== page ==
RUSS MEYER’S BEYOND THE VALLEY OF THE DOLLS (1970)

Purportedly, Beyond The Valley Of The Dolls (1970) was the film felt was his most successful work. It was certainly his most profitable movie, and has the most extensive cult following.

Its origin is well known. Upon learning that Meyer’s Vixen (1968) brought in six million dollars on a budget of seventy-five thousand, Fox Studios signed the director to a three-picture deal, with each budgeted at one million. The studio desperately needed a profitable venture, after the expensive flops Doctor Doolittle (1967) and Hello Dolly (1969). Meyer was assigned scriptwriter to make a spoof of the studio’s Valley Of The Dolls (1967). After Mark Robson’s adaptation of Jacqueline Susann’s trash novel had proven to be a surprise hit, Fox was taking no chances, counting on the Dolls name to bring in audiences.

 Beyond The Valley Of The Dolls is only loosely related to its original source, and it was hated by both studio and Susann (who unsuccessfully sued to stop its release, fearing it would harm even her reputation). Fox insisted that Meyer insert a disclaimer, informing viewers that BTVOTD was not related to the Susann original. In hindsight, the studio’s misgivings are puzzling, since the movie is exactly what they ordered: a big budget Russ Meyer flick that became an instant cult phenomenon. While best viewed as a time capsule, BTVOTD is better than the pedestrian film it parodies. Valley Of The Dolls was directed on cruise control. Comparatively,  BTVOTD has the vigor of a tawdry cartoon, supplied by its twenty-seven-year-old scriptwriter and a middle-aged perverted artisan.

Still from Beyond the Valley of the Dolls (1970)Kelly Mac Namara (Dolly Read), Casey Anderson (Cynthia Myers), and Petronella Danforth (Marcia McBroom) are “The Kelly Affair,” a trio of buxom rockers who, in their “Josie and the Pussycats” van, travel from sleepy Texas to the wild and wooly Los Angeles in hopes of success.  At a party, thrown by a bell-bottomed Caligula, the hexagon of singing mammary glands are discovered by the androgynous Z -Man (John Lazar, channeling Phil Spector), who redubs them “The Carrie Nations.”  With their rapid success comes drug addiction, avarice, harlotry, lesbianism, abortion, alcoholism, transsexualism, porn stars, and Nazi orgies.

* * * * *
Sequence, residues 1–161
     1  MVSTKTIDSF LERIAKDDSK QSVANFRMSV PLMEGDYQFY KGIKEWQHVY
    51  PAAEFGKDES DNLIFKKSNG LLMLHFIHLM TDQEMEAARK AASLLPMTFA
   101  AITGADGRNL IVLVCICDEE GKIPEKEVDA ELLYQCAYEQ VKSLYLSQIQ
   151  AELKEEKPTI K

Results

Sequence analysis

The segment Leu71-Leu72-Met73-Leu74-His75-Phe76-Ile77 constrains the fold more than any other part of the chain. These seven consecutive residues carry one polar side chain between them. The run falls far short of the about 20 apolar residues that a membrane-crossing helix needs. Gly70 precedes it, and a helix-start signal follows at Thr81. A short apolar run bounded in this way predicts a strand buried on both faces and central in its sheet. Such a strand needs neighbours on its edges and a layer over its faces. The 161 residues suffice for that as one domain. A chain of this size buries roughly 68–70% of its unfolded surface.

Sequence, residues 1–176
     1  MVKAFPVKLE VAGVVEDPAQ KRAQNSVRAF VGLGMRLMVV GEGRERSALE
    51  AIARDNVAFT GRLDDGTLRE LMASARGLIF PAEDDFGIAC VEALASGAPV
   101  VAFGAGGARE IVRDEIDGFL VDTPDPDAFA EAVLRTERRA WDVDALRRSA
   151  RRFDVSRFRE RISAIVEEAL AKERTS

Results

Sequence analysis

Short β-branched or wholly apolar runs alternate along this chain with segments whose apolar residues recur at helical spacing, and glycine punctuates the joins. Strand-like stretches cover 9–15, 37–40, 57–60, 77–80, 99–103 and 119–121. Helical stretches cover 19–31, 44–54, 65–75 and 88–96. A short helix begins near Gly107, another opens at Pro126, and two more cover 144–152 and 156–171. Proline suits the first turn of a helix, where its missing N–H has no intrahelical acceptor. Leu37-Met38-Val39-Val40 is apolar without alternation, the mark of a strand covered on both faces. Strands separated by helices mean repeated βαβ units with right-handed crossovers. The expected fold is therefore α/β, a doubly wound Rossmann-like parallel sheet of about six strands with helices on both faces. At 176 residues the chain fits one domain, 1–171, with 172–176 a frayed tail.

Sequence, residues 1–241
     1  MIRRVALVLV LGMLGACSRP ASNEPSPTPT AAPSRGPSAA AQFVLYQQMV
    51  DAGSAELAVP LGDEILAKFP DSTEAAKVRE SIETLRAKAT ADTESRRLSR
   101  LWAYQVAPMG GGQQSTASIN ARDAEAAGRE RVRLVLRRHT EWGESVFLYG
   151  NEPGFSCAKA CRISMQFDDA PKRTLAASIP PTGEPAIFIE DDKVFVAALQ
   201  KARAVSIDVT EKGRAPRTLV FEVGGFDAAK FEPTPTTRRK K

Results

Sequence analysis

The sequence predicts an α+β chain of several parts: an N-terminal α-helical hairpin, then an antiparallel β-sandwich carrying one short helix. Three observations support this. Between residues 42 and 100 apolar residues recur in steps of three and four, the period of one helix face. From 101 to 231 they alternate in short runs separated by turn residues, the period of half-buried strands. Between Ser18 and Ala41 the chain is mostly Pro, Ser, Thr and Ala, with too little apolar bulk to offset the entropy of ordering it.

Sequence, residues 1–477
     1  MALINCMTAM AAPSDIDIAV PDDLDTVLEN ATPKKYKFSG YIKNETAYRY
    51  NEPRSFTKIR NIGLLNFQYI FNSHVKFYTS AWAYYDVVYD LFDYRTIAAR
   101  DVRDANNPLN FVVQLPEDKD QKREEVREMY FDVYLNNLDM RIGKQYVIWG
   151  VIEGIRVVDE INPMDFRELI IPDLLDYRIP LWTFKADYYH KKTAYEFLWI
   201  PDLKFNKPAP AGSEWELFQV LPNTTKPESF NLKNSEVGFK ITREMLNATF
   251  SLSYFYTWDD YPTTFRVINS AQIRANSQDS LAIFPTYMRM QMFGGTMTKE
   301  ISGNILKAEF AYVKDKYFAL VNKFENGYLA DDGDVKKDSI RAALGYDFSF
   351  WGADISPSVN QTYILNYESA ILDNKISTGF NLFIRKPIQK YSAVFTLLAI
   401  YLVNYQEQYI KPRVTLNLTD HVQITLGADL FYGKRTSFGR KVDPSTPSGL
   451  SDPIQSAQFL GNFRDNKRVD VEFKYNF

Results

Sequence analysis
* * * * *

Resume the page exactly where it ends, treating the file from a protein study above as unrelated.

Visually, the film is a 1970 smorgasbord of primary colors, beautifully captured by cinematographer Fred J. Koenekamp. Accompanying the eye-popping visuals is catchy musical kitsch. The editing, like the plot, is episodic. As in the best of Meyer, the appeal of BTVOTD lies not in its narrative, but in its self-conscious camp. Comparisons to Chuck Jones cartoons are apt (as he would do again in 1975’s Supervixens, Meyer throws in Wile E. Coyote sound effects). BTVOTD hurls the viewer into an unexpected psychedelic, psychotic comic strip of a finale, which still divides the film’s fan base. It is unlike everything that precedes it. The ill-fated Sharon Tate was among Valley of the Dolls’ leads, which makes the nihilistic Charles Manson-styled massacre of BTVOTD a shrewdly tasteless finale worthy of John Waters.

BTVOTD is a celebration of counter culture trash. Despite its excesses, garishness, and plethora of broken taboos, its appeal will be dependent on the audience’s receptiveness to drug-induced soap opera pacing. For some, this is the director at his most accessible. Undoubtedly, BTVOTD is an essential entry in the Russ Meyer oeuvre, but it is debatable as a good starting point.

366 UNDERGROUND: THE GAYS (2014)

DIRECTED BY: T. S. Slaughter

FEATURING: Chris Tanner, Frank Holliday, Mike Russnak, Flip Jorgensen, Matthew Benjamin

PLOT: The wacky adventures of the Gay Family, matriarch Bob Gay-Paris and patriarch Rod Gay, who raise their gay sons, Alex and Tommy, and teach them valuable lessons in empowerment.

Still from The Gays (2104)

COMMENTS: The Gays is T.S. (Skull and Bones) Slaughter’s twisted take on the family sitcom, where everyone learns a lesson along the way. It also spoofs the Conservative Nightmare about The Gay Agenda: what would happen if gay parents educated their offspring about being gay?

It’s intentionally over the top, in ‘ style, so conventional viewers should find a couple of things to be scandalized by.  Aided by the performances of the two leads, Chris Tanner and Frank Holliday, most of the intended audience for the film should find it empowering and hilarious, and in that aspect, there’s much to recommend.

Objectively, some might find most of the humor a bit one-note to sustain a feature, and some of the other performances aren’t up to the level of Tanner and Holliday, but I think that most of the people who’ll like this film will be more than willing to overlook the lack of Hollywood polish.